YOU ARE HERE: LAT HomeCollections


Droopy Do

December 11, 1987| Compiled by the Fashion 8 7 staff

On the steamy movie set of "Rambo III" in Thailand, all is not well. Turns out the humidity there is putting a damper on Rambo's hairdo. Listen hears that Sylvester Stallone, who stars in the picture, summoned hair stylist Bruce Wayne of the Umberto salon in Beverly Hills, on an urgent mission to reconstruct the big R's coiffure. Wayne's spokesman, Josh Barans, tells us Wayne calls the cut "the Cranalator" (a variation on the architectural term crenelation, as in the slotted parapets that look like jack-o-lantern teeth atop medieval castles). Translated to hair, the term connotes a spiky effect, and Wayne created the look just for Stallone last August. This could be the most expensive hair style ever. Maintenance costs now include round-trip air fare to Thailand as well as living expenses there.

Have Luggage, Will Travel

Remember we told you about Cary Grant's luggage, which retailer Jerry Magnin of Polo in Beverly Hills purchased at auction for $1,870? Well, it turns out that the day following the sale, Sotheby's auction house received a call from a Los Angeles woman who simply had to have the luggage for herself. Sotheby's called Magnin. Magnin said he wasn't interested in selling. The woman persisted. So Magnin named his price, and the woman walked into Polo the next day with a cashier's check to retrieve the seven pieces of Hartman luggage. The price? Magnin won't tell, but judging by the grin on his face, you can be sure he made a tidy profit.

High Tea

What do you wear to a Hong Kong tea? Wait--what is a Hong Kong tea? It's an afternoon social event "more important than lunch or dinner," said Cecile Shusheun, owner of Joss on Sunset Strip, during her restaurant's launch of the midday snack. (Instead of serving scones and sweets as in England, in Hong Kong it's dim sum and sweets.) As for appropriate clothing, Listen was most impressed with how Angelinos dressed for the event on a recent rainy day: lots of cardigans paired with short and long skirts, several of them by knitwear queen Sonia Rykiel. One teatoter remarked that Shusheun's ankle-length knit ensemble in slate gray looked like an "Asian Sonia Rykiel." In fact, it was designed by her brother, David Sheekwan, a Hong Kong designer whose Pellini stores are in New York and San Francisco.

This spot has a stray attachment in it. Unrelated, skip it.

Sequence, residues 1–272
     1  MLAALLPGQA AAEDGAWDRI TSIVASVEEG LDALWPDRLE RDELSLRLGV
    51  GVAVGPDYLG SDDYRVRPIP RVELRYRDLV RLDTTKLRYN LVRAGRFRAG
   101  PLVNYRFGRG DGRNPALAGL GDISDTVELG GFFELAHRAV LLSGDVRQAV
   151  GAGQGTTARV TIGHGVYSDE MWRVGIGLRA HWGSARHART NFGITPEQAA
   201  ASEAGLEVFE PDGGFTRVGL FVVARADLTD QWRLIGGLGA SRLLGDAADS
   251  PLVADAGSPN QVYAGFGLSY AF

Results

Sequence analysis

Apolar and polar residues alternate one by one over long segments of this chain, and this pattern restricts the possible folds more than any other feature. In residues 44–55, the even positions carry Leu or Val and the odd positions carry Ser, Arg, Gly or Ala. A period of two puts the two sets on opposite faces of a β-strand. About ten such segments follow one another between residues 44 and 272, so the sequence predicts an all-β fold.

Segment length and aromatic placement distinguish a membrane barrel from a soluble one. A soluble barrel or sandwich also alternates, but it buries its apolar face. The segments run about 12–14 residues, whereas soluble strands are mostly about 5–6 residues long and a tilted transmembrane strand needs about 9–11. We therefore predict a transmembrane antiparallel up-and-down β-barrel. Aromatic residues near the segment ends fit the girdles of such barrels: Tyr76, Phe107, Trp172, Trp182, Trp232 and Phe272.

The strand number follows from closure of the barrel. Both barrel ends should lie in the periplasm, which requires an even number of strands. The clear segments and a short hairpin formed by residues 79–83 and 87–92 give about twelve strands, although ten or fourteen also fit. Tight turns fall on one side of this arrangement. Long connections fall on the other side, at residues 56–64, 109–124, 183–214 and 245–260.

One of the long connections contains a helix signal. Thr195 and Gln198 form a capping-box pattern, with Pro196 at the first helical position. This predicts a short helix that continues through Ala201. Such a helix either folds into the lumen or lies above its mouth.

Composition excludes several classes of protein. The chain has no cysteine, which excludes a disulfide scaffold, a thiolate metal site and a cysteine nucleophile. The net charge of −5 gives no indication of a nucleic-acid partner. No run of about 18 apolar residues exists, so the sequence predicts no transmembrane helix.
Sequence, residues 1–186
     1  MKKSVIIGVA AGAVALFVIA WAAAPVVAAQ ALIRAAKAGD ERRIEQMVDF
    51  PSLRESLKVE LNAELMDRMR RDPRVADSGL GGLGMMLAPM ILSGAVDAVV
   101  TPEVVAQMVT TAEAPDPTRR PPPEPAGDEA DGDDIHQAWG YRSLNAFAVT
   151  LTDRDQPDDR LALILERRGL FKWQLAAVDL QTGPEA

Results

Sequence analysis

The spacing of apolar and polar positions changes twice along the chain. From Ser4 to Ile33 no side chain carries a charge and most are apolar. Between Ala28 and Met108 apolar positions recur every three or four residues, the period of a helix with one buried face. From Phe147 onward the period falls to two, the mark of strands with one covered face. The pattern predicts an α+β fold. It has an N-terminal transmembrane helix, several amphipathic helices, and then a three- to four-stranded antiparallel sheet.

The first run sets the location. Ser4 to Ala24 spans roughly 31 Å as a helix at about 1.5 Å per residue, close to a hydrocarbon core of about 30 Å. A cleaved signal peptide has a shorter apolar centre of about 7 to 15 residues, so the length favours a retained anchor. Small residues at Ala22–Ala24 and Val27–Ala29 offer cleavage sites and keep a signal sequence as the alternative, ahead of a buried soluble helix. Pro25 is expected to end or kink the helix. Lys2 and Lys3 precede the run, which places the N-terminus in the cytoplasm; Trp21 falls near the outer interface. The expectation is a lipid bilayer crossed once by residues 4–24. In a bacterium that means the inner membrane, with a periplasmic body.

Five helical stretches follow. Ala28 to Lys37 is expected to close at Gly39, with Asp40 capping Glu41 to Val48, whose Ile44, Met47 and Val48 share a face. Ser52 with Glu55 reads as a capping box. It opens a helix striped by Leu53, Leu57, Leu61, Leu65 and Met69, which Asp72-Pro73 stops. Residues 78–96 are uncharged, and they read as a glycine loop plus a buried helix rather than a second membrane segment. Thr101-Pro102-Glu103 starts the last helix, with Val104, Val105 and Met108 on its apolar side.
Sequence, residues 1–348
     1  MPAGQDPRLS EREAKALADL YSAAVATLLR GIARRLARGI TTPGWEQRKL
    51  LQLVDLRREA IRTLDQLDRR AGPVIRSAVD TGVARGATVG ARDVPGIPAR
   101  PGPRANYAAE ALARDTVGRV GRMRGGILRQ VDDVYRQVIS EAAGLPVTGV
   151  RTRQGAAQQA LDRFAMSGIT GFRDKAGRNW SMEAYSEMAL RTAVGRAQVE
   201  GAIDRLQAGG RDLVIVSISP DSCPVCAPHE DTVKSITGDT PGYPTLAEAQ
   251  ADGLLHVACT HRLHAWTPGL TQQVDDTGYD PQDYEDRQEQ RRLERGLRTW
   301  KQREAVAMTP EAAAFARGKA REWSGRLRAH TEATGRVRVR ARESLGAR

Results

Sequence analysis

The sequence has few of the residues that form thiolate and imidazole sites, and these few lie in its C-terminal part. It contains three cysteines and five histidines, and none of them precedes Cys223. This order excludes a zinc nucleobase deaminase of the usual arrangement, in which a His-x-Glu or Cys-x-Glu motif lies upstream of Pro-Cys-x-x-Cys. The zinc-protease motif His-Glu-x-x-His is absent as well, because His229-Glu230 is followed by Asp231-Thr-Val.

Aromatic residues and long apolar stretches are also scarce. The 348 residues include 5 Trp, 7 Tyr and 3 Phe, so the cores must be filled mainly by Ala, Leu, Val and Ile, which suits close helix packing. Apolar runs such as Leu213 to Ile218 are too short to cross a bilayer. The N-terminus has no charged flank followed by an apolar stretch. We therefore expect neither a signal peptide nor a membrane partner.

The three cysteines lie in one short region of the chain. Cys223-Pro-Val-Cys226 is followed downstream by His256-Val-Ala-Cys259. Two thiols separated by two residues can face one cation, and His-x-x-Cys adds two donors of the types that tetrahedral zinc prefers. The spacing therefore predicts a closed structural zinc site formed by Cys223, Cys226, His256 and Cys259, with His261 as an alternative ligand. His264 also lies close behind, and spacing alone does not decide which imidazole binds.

Nothing to Schuss at

Julie Cleaver might not be a household name right now. But that could change soon, in ski chalets if not houses. This fashion design student at the Otis Parsons school was just named one of 22 finalists from around the world in a "creative sportswear" design competition sponsored by Mizuno sporting goods manufacturers of Japan. She takes off for Tokyo in February, where a jury including such stellar style setters as Matsuda and Kansai Yamamoto will chose the grand-prize winner. At stake among other things is 1 million yen, which could pay a skier for many trips up the rope tow. But can the fashion sketch of a sci-fi ski jump suit with bolero jacket that got Cleaver this far take her to the top? We'll keep you posted.

An Opening With Glasnost

If you noticed Zsa Zsa Gabor's husband (Prince Frederic von Anhalt) carrying Christmas presents down Rodeo Drive the other night, he was coming from Fred Hayman's Giorgio boutique, where the champagne was flowing, the caviar was glowing and the balalaika music was in honor of Soviet leader Mikhail S. Gorbachev's historic visit to the White House. It so happened that the arms control meeting coincided with the first meeting of Hayman's men's club. At the occasionally recurring gatherings, regular customers--all men--will be able to shop in private after hours. Supposedly they were buying presents for the women in their lives, Listen hears. And indeed several wives called ahead and told sales people exactly what to show husbands. But it turned out that most of the men bought presents for themselves. Ho-Ho-Ho.

More Moore

Hot on the trail of information about Bruce Willis' bride, Demi Moore, Listen called Fred Segal on Melrose Avenue. We were told he comes in a lot; she isn't a regular customer. But our sleuths were correct. Moore and her mother did visit the shop before the Las Vegas nuptials, gift hunting for Moore's future mother-in-law. The actress was interested only in sweaters by Marika Contompasis, who designed the knits Moore wears in her next film, "The Seventh Sign." She reportedly tried on some hats and bought a check-pattern sweater with little buttons for Willis' mom, Marlene, but Moore didn't buy a thing for herself.

Cracking a Peanut

Los Angeles Times Articles